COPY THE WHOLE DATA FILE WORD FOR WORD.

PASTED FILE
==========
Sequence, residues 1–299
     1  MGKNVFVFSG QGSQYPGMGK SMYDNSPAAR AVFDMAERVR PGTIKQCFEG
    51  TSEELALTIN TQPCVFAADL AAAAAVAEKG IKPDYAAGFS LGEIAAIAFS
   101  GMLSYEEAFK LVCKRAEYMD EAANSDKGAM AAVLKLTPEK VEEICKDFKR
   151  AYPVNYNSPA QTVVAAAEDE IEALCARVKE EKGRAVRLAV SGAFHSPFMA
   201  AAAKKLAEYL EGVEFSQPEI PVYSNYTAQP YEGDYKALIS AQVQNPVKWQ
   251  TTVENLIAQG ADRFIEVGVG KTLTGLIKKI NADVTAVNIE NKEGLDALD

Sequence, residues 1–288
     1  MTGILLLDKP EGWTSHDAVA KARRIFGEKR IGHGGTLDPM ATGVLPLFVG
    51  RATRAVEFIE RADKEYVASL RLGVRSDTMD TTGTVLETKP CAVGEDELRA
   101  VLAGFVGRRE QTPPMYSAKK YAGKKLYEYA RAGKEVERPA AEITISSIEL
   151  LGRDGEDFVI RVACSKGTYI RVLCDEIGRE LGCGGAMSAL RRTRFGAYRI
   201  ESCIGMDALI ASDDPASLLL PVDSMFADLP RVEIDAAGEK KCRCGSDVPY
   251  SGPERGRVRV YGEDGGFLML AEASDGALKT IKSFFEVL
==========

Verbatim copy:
Sequence, residues 1–299
     1  MGKNVFVFSG QGSQYPGMGK SMYDNSPAAR AVFDMAERVR PGTIKQCFEG
    51  TSEELALTIN TQPCVFAADL AAAAAVAEKG IKPDYAAGFS LGEIAAIAFS
   101  GMLSYEEAFK LVCKRAEYMD EAANSDKGAM AAVLKLTPEK VEEICKDFKR
   151  AYPVNYNSPA QTVVAAAEDE IEALCARVKE EKGRAVRLAV SGAFHSPFMA
   201  AAAKKLAEYL EGVEFSQPEI PVYSNYTAQP YEGDYKALIS AQVQNPVKWQ
   251  TTVENLIAQG ADRFIEVGVG KTLTGLIKKI NADVTAVNIE NKEGLDALD

Sequence, residues 1–288
     1  MTGILLLDKP EGWTSHDAVA KARRIFGEKR IGHGGTLDPM ATGVLPLFVG
    51  RATRAVEFIE RADKEYVASL RLGVRSDTMD TTGTVLETKP CAVGEDELRA
   101  VLAGFVGRRE QTPPMYSAKK YAGKKLYEYA RAGKEVERPA AEITISSIEL
   151  LGRDGEDFVI RVACSKGTYI RVLCDEIGRE LGCGGAMSAL RRTRFGAYRI
   201  ESCIGMDALI ASDDPASLLL PVDSMFADLP RVEIDAAGEK KCRCGSDVPY
   251  SGPERGRVRV YGEDGGFLML AEASDGALKT IKSFFEVL